November 2013 - Galaxy of the Month

NGC 1055 in Cetus

ngc 1055 - image courtesy of ken crawford

Image Courtesy of Ken Crawford, California. For more images from Ken Crawford please visit the Rancho Del Sol Observatory website. You can click on image for a high resolution version, or download a copy of our Megastar© Finder Chart of the NGC 1055 and M77 region.

NGC 1055 was first discovered by William Herschel in 1783 from Slough. It is an edge on spiral galaxy not dissimilar to M104 (the Sombrero) in Virgo. The dark dust lane and bright star forming regions are believed come from its interaction with the nearby spiral galaxy M77. Indeed a low power eyepiece view will show both galaxies in the same field as they are only separated by about half a degree (a full moons width).

There is a nice image showing galaxies at NASA's APOD. The interaction with M77 also means that NGC 1055 is a bright infra-red and radio source. Images in the ultraviolet by the GALEX satellite show the blue star forming regions very clearly even though they may be overshadowed by the dust lanes. The disk as indicated by the dust lanes appears warped which is also probably a result of the interaction. NGC 1055’s nuclear region also shows some of the properties expected form a LINER galaxy although it is not clear if it is one. It does appear quite boxy and large.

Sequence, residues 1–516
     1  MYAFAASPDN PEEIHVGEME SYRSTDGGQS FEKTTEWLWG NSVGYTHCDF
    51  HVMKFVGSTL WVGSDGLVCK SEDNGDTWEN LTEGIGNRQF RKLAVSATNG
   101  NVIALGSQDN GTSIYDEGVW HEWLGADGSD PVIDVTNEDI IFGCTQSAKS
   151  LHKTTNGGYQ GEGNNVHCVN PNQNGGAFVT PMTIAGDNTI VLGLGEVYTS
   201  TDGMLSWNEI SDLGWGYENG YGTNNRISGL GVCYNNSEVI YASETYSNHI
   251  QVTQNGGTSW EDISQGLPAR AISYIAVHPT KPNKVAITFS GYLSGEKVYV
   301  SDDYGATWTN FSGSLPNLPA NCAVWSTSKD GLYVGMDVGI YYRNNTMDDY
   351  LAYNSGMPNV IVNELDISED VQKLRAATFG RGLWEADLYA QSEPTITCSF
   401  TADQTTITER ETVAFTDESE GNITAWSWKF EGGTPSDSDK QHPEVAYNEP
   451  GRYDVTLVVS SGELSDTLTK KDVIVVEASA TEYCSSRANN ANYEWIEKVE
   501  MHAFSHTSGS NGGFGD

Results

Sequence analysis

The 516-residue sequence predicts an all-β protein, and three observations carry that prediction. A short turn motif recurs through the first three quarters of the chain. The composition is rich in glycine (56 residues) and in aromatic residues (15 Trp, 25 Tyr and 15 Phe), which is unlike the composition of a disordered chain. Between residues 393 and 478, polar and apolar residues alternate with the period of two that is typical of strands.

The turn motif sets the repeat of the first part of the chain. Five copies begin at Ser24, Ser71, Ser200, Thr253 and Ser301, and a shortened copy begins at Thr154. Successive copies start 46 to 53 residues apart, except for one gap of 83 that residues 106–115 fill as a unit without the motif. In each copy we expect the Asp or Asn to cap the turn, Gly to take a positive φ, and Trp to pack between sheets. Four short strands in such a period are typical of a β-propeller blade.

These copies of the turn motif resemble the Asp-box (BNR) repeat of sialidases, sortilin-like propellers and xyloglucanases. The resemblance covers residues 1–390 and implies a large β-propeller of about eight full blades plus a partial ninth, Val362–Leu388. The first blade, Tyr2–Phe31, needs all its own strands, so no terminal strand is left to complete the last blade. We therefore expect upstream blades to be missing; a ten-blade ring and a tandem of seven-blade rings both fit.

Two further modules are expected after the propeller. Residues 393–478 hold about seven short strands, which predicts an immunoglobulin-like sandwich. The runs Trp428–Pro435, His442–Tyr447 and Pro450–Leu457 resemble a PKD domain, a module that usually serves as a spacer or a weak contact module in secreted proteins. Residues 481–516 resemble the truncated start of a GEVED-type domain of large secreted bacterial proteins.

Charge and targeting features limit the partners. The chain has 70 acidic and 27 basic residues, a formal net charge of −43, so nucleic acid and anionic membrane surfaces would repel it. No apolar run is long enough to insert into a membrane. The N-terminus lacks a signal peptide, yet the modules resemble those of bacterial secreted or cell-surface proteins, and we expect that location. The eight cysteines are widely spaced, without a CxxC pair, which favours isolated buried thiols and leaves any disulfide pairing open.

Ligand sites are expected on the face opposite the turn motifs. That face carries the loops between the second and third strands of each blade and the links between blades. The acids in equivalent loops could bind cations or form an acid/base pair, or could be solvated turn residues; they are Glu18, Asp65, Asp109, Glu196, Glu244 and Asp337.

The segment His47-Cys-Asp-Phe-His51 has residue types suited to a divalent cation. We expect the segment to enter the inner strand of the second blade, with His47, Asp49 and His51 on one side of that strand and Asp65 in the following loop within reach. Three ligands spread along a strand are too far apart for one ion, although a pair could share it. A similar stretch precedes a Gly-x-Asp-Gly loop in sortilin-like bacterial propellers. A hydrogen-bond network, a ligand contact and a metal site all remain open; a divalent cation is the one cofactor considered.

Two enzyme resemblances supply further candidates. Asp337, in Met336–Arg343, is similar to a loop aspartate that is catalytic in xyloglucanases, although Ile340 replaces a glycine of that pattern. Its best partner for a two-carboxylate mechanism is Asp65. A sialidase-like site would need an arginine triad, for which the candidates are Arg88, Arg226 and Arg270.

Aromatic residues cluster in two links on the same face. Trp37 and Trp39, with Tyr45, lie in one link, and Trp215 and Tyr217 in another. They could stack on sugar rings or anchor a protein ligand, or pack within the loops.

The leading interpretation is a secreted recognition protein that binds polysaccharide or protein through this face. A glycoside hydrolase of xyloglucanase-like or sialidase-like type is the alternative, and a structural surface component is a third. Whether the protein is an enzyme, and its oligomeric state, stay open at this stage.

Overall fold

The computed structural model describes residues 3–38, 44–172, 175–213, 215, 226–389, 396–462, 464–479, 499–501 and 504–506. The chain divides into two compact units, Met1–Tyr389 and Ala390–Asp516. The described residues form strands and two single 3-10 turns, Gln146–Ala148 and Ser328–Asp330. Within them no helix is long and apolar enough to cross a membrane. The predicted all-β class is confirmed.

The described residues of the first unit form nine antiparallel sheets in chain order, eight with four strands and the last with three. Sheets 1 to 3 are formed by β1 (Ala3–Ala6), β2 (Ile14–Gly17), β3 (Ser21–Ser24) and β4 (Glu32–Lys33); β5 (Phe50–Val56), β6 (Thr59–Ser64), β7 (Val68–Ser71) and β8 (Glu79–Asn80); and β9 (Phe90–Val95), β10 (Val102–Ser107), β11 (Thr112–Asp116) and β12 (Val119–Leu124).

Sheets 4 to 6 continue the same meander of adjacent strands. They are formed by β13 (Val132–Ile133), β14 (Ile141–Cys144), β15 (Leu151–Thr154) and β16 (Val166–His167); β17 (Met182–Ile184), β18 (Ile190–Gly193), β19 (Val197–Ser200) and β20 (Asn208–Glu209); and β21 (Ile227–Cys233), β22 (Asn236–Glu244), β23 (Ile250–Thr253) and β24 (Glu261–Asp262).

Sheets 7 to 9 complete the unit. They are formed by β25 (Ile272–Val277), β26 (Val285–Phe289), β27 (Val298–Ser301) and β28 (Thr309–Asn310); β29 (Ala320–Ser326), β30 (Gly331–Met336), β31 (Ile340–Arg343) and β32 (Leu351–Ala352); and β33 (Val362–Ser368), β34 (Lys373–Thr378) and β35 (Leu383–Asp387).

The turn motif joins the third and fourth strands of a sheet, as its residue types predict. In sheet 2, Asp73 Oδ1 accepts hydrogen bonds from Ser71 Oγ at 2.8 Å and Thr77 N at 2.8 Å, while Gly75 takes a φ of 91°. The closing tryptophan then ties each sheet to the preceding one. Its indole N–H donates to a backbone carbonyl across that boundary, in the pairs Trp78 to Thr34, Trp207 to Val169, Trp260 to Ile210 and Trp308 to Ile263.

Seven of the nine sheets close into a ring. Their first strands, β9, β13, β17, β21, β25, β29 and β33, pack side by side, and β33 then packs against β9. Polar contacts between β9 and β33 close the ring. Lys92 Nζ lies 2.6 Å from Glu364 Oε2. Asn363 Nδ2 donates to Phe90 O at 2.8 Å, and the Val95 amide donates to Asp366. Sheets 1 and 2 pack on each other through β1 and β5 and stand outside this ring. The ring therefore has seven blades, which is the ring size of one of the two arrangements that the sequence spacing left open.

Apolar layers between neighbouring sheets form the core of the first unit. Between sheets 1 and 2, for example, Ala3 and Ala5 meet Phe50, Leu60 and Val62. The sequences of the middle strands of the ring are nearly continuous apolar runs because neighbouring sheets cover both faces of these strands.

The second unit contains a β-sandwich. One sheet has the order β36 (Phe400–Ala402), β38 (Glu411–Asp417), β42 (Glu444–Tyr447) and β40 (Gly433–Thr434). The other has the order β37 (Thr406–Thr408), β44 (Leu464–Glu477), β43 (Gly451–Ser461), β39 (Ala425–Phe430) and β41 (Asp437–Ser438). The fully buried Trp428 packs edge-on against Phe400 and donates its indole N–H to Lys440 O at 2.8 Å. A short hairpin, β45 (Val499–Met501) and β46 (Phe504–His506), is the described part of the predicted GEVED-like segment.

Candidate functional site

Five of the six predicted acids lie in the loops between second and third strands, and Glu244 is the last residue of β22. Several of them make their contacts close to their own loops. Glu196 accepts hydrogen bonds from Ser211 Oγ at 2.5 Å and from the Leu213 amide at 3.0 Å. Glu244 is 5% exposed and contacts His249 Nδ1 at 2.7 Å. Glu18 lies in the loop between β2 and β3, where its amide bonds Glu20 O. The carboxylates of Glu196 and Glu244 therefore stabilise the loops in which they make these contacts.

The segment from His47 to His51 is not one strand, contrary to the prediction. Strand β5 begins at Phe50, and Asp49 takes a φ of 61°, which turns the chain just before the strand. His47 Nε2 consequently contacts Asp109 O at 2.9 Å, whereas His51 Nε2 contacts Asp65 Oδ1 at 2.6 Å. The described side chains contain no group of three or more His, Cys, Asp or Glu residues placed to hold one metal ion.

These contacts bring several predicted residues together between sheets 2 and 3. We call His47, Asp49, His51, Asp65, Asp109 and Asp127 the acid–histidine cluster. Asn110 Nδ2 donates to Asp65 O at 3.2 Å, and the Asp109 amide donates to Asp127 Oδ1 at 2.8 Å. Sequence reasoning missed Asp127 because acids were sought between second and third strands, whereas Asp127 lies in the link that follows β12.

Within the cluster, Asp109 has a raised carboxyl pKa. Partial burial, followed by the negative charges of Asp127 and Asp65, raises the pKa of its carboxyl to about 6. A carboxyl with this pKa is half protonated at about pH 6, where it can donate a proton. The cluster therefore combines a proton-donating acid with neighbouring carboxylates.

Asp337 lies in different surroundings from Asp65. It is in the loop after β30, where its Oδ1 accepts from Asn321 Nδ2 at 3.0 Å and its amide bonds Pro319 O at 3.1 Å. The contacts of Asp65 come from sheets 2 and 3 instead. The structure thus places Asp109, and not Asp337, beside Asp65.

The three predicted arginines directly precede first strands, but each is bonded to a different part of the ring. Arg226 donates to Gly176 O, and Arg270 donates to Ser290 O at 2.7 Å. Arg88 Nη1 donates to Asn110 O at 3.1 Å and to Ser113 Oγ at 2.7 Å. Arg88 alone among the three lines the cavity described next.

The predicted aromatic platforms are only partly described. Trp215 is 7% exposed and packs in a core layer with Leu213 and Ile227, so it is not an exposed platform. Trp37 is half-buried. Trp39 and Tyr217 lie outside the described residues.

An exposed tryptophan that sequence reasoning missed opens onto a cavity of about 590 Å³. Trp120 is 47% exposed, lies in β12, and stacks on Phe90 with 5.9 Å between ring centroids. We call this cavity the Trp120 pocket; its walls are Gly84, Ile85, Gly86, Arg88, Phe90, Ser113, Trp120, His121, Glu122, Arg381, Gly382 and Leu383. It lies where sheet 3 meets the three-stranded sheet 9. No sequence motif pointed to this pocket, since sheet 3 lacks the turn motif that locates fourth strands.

Current distance measurements place NGC 1055 at 45—60 million light years and if this is so then the spatial distance between M77 and NGC 1055 is probably only about 500,000 light years, less than a quarter of the distance between ourselves and M31. This distance would also give NGC 1055 a diameter of about 100,000 light years, comparable in size to our own Milky Way.

Detailed images of NGC 1055 show structures in its halo that may well be star streams from disrupted companion galaxies.

NGC 1055 is one of the dominant members along with M77 of a small group of galaxies known as the M77 group which also includes the galaxies NGCs 1055 (type Sb) and 1073 (type SABc), as well as UGCs 2161 (DDO 27, type Im), 2275 (DDO 28, type Sm - designating a morphological type between spirals and irregulars) and 2302 (DDO 29, type Sm), and the irregular galaxy UGCA 44 and the SBc barred spiral Markarian 600.

NGCs 1087 (Sc), 1090 (S-), and 1094 (SABb-) although nearby on the sky are actually background galaxies, as their much higher redshift indicates.

The M77 group is about the same distance from us as the Virgo cluster but in a different direction. Visually NGC 1055 maybe more challenging to get details out of than images may suggest and although it may be seen in relatively small telescopes to see any detail is likely to require a telescope of 30cm or above aperture in typical UK skies.

Owen Brazell - Galaxy Section Director